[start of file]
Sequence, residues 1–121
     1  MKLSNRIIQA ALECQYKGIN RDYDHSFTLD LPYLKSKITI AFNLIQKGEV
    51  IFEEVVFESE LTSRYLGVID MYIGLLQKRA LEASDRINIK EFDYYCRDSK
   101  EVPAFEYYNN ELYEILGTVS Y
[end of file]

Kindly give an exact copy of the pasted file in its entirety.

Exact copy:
Sequence, residues 1–121
     1  MKLSNRIIQA ALECQYKGIN RDYDHSFTLD LPYLKSKITI AFNLIQKGEV
    51  IFEEVVFESE LTSRYLGVID MYIGLLQKRA LEASDRINIK EFDYYCRDSK
   101  EVPAFEYYNN ELYEILGTVS Y